great bear rainforest

Fri, 2013-01-18 08:00Guest
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Why it Takes a Whale to be Heard: Public Blocked From Enbridge Hearings

by JODI STARK, one of the independent artists who created Hope the Whale, and an environmental public engagement specialist.

The most striking part of Enbridge’s Northern Gateway community hearings in Vancouver is that they’re not open to the community at all.  Only a limited number of people get to present their position to the federally appointed Joint Review Panel, and the rest of the public aren’t welcome to watch them, despite thousands of Vancouverites who are passionate about this proposed pipeline and what it means for our future.

In response, a group of Vancouver multimedia artists have built Hope the Whale, an interactive art installation designed to allow anyone the opportunity to have a voice. The 25-foot whale, surrounded by a dozen large water drops, is set up in downtown Vancouver outside the Wall Centre where the proceedings are taking place. This collaborative art project, supported by First Nations and conservation organizations, is engaging the public in a welcoming and inclusive way – much the way we would expect a public process to be run.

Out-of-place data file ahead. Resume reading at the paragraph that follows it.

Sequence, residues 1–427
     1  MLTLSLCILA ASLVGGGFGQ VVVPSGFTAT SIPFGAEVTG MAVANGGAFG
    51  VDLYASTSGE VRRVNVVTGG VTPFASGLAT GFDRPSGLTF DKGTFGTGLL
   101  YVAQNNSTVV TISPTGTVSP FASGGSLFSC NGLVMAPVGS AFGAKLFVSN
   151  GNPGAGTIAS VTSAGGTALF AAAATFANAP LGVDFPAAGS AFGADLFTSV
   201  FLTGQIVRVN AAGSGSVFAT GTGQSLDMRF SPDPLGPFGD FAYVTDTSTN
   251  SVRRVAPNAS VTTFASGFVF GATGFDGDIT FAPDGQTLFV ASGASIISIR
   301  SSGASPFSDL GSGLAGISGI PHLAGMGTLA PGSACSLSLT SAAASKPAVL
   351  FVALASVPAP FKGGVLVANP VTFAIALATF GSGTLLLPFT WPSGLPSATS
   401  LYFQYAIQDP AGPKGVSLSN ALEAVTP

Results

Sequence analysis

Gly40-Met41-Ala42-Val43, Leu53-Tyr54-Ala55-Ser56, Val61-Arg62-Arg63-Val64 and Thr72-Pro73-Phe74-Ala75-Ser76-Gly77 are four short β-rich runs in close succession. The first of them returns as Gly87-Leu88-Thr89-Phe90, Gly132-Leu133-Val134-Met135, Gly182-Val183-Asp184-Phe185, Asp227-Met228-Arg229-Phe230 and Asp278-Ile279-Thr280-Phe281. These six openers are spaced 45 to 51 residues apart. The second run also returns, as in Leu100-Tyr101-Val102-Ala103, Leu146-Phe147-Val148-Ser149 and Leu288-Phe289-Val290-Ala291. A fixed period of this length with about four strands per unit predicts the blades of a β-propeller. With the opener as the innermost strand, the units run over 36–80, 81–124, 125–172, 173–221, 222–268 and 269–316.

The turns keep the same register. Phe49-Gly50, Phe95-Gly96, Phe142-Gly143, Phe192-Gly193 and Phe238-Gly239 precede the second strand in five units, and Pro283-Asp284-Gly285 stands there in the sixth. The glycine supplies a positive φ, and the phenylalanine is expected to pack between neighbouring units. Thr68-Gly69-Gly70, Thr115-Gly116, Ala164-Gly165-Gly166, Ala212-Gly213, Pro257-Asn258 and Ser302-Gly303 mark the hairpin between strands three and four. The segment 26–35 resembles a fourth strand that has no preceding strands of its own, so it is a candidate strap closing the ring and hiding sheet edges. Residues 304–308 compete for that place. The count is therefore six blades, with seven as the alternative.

Tue, 2012-11-27 11:34Carol Linnitt
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Interview: Filmmakers Explore Enbridge Tanker Route Along BC's Rugged Coast

British Columbian filmmakers Nicolas Teichrob and Anthony Bonello are leading a grassroots campaign to protect BC's waters from Enbridge's proposed Northern Gateway Pipeline. In an effort to bring awareness to all sides of the pipeline battle, the duo documented the tanker route destined to carry diluted tar sands bitumen along rugged coastal shores if the pipeline is approved.

Concerns over the construction of the pipeline are only half the story, according to the film's trailer released last week. The other half begins where the pipeline ends, with pristine coastal waters and the life - both ecological and cultural - that depends upon it.

Following stand up paddler Norm Hann as he paddles the 350 kilometers that stretch from Kitimat to Bella Bella, the film, called STAND, showcases the region's biodiversity as well as its treacherous waterways. The documentary also tells the story of coastal communities through the creative protest of Bella Bella high school students and legendary surfer Raph Bruhwiler.

DeSmog caught up with Nicolas Teichrob and Anthony Bonello to learn more about their experience along the tanker route and inspiration for STAND.

Sat, 2012-11-24 13:28Ashley Arden
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Wolf Kill Contest Prompts BC Gaming Investigation after Flurry of Complaints from Conservation Groups & Concerned Citizens

Wolves in Snow (c) McAllister / Pacific Wild

The BC Gaming Policy and Enforcement Branch opened an investigation on Wednesday into a controversial wolf-kill contest in the Peace River region of northern British Columbia in response to a flurry of complaints lodged by conservation groups and concerned citizens.